For the past several decades, major success stories from within the social services sector have been somewhat scarce.
The complexities of intergenerational poverty, aging populations, addiction, abuse, unemployment, homelessness, rising health care costs and tightened budgets have exceeded the capacity of existing programs.
New initiatives driven by big data and advanced analytics are shedding light on entrenched social challenges—resulting in significant breakthroughs and new frameworks for what’s possible.
Central to the array of analytics-enabled approaches is the ability to dig deeper into data than ever before in order to gain an integrated perspective on individual, family and community issues. This requires drawing upon information that had previously been separated by organizational boundaries, for purposes of:
Gaining insights from patterns,
Coordinating and collaborating among all agencies with which the individual or the family is involved, and
Shifting from a reactive to a proactive approach.
In Alameda County, Calif., coordination among the previously siloed data that had been maintained within five social services agencies has served as the foundation for a transformational Social Services Integrated Reporting System. The system has empowered case workers with a comprehensive, dashboard view of clients across all programs. Among the advantages is the ability to assess the effectiveness of various interventions; pinpoint problem areas; understand connections among clients in the system based on phone numbers, addresses and a range of other data; inform clients of additional services for which they might be eligible; and receive alerts concerning clients who are not complying with the terms that they have agreed to.
This ability to better understand connections and identify gaps at a glance is creating a depth and breadth of new perspectives among the 2,200 employees of Alameda County’s social service agencies and the populations they serve. The most recent estimate of anticipated cost savings resulting from increased efficiencies and reduced fraud: $11 million.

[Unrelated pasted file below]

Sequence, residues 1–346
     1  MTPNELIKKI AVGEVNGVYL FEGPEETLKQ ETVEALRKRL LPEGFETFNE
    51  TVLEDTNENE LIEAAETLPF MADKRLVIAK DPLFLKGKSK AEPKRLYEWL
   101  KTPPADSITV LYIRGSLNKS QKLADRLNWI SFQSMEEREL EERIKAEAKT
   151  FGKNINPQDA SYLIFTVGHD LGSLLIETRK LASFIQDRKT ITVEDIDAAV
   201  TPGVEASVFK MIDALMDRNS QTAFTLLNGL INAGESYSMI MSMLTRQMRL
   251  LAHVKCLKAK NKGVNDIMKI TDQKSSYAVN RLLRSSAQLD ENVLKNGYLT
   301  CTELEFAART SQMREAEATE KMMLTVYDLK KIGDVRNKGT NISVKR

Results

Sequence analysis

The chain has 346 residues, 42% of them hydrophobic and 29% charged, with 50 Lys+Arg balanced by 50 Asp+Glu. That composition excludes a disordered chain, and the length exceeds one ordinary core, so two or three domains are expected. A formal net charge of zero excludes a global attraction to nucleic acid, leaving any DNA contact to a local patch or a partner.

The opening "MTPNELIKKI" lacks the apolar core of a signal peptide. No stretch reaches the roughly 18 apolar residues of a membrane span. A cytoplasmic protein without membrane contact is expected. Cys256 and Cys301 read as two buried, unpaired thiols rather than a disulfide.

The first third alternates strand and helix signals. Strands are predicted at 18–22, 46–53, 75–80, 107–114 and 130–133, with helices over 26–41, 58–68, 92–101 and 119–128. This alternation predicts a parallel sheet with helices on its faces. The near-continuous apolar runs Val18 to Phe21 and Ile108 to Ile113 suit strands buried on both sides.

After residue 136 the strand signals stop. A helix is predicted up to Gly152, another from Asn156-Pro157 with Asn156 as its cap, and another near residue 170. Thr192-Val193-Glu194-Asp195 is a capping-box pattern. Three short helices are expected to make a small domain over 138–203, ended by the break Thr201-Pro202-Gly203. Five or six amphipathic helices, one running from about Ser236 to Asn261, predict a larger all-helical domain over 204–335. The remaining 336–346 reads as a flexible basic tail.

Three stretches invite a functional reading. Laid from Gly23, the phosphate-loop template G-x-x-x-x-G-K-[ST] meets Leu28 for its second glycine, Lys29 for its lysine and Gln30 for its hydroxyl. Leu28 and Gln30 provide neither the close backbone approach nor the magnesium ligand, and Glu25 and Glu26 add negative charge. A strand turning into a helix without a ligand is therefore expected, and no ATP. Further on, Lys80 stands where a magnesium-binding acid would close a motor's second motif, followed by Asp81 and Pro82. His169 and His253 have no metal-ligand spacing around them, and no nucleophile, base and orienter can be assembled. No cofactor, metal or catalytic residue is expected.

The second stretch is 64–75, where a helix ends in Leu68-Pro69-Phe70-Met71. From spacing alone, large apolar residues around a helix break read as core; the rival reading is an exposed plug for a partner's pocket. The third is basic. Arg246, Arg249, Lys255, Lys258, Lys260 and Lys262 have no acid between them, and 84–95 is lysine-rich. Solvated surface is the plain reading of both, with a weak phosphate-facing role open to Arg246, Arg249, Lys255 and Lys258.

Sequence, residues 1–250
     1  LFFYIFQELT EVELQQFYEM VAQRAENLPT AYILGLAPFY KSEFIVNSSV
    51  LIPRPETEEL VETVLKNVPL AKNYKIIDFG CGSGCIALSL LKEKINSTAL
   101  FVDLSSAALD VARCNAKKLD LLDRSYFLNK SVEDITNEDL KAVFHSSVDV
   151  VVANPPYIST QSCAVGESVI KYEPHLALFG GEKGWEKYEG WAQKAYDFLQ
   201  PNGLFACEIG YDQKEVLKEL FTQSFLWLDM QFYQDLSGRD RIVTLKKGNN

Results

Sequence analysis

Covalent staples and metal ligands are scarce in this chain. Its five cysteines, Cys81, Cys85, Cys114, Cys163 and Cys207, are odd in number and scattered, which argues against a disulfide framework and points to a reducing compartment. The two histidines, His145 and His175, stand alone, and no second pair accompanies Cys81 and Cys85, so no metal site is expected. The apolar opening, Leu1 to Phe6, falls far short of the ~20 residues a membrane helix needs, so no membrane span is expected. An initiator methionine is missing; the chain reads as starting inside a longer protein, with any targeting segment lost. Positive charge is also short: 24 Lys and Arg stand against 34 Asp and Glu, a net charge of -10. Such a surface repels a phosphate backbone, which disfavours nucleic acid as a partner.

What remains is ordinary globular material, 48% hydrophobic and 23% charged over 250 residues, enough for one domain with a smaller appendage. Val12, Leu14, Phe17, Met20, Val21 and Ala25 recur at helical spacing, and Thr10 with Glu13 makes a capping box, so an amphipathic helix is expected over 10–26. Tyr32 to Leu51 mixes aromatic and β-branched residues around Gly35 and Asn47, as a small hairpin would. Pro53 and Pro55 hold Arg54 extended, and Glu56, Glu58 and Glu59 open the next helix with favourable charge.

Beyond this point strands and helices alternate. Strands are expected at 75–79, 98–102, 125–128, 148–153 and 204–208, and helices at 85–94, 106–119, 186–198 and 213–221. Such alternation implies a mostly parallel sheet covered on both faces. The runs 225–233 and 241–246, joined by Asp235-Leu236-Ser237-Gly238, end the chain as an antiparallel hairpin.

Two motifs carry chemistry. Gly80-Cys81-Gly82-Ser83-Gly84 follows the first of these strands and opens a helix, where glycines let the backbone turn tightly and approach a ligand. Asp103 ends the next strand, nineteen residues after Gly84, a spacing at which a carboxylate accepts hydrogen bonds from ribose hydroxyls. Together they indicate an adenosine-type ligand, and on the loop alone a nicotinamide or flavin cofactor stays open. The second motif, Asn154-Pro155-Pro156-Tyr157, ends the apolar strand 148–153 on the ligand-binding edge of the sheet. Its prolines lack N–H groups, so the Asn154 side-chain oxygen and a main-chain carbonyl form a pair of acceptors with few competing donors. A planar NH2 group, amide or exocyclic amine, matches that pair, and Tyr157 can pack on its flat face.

In the UK, the Medway Youth Trust is using predictive analytic models to reverse the downward spiral of youth unemployment by working to identify youth who are most at risk for dropping out of school or losing their jobs. With 6.2 percent of young people between the ages of 16 and 19 in the Medway area neither in school, training or employed, and realizing the staggering societal costs over the course of a life for a youth who slips through the cracks, the Medway Youth Trust set out to identify and then intervene on behalf of youth most at risk.
Central to the initiative is a propensity model that’s based on more than 1,000 factors that combine to impact youth unemployment. Any youth that’s identified with a greater than 60 percent chance for ending up neither employed or in education or training is targeted for intervention based on documented analysis of root causes. One year into the program, positive outcomes were reported for 51 percent of the 723 individuals initially identified as at risk.
Early findings revealed a 250 percent improvement in the accuracy for identifying at-risk youth versus the previous and time-consuming method of manually reviewing records. While the Trust is continuing to refine and sharpen its focus on the types of interventions that are most effective, the model has produced evidence that interventions work and that the earlier in a person’s life the interventions occur, the more effective they are.
Download the US or EU version of the interactive whitepaper to learn more about potential of advanced analytic technology to transform social services outcomes.
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